I agree Lezzers. My understanding is that an AED will not work on me as I have an ICD. It will work with a pacemaker as that does not have a built in defibrillator. I don't think a DNR could possibly result in a lawsuit if someone collapses "coincidentally" outside a care home where there happens to be a RN.

Lezzers profile image
Lezzers in reply to Alison_L

I didn't know that about the pacemaker but that makes complete sense, thank you. I don't know too much about the medical profession but my understanding is that any medical person assesses a situation and assists where they can do the most good. I just don't think this group is the place for an OP to be getting info for a 'risk assessment' my suspicious nature wonders why the OP isn't using a local community group, FB etc

Dolphin14 profile image
Dolphin14 in reply to Lezzers

An ICD purpose is to detect arrhythmia and shock if need be. So I'm not sure how you can be wrong.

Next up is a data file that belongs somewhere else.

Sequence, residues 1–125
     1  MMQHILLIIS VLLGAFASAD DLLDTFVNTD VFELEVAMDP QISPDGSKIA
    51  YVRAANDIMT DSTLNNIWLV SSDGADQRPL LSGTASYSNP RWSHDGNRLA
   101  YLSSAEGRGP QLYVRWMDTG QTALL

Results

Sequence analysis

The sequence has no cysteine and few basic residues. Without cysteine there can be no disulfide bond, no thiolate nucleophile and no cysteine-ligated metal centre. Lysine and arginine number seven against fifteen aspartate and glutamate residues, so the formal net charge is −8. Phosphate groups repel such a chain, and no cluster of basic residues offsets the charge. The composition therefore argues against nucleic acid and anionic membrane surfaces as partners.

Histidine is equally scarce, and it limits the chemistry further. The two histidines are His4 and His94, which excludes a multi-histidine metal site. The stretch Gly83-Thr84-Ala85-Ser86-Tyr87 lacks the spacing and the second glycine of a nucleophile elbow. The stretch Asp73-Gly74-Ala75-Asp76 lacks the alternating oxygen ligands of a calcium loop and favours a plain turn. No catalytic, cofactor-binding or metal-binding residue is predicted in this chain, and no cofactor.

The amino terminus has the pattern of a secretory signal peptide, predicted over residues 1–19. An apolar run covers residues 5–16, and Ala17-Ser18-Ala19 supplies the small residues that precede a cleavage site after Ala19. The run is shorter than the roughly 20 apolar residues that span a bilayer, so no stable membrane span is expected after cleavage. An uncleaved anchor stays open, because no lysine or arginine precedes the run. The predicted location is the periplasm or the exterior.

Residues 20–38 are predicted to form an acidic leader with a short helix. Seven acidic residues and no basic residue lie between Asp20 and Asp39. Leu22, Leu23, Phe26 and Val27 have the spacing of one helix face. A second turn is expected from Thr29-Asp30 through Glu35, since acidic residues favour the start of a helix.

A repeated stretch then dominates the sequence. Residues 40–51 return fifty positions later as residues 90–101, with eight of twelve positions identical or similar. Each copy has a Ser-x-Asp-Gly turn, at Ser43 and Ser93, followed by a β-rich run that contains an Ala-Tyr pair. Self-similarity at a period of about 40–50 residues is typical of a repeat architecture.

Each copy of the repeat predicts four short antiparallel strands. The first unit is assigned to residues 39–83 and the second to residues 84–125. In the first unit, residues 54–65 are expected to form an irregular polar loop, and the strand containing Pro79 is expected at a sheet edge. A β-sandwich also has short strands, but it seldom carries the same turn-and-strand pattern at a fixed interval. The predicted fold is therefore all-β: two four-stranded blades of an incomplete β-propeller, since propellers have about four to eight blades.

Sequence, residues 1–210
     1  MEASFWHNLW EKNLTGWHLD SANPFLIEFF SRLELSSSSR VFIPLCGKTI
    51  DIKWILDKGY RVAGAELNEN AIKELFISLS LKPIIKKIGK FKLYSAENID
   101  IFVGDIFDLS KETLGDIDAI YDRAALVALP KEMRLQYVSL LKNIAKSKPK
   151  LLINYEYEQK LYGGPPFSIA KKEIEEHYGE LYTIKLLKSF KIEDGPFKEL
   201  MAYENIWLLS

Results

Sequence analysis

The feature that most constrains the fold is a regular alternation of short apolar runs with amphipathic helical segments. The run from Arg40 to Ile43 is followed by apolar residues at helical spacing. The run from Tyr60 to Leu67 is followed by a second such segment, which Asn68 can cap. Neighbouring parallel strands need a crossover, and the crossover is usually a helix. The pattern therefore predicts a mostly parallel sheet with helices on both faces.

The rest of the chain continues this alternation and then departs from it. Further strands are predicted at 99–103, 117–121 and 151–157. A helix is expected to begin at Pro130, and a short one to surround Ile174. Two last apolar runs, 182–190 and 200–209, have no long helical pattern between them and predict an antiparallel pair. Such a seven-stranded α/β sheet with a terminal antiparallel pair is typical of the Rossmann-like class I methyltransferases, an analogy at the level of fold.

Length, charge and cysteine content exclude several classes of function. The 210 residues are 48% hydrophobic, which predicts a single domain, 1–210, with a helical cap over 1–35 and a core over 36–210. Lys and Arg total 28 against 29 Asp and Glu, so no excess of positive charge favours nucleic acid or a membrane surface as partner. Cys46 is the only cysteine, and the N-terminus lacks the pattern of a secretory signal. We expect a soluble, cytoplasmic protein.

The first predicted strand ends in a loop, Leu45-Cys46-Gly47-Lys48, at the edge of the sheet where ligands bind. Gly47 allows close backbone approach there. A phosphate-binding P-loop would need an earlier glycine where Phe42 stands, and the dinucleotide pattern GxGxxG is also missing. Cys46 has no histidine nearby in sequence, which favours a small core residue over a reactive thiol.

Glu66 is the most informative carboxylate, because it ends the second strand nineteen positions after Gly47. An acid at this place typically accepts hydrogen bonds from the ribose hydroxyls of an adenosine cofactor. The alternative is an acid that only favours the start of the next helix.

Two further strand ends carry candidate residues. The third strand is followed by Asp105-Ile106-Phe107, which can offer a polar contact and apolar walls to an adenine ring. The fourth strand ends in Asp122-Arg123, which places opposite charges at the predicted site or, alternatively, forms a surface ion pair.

I'm confused where it becomes ethical to be honest. Again, as you know, I'm from the US. My shock was to read there may be some hesitation of defibrillator usage due to private versus public?? I'm sorry but a life saving device shouldn't be cut off from anyone because of that label. So to me this is now more about having the ability to resuscitate but saying " no I can't touch that one because of the label" ?? Is this serious?

So even a Dr wouldn't be able to grab it? Why did the nurse get chosen in this topic? Is she less qualified to make that decision? I'm not less qualified than a physician to begin resuscitation on anyone.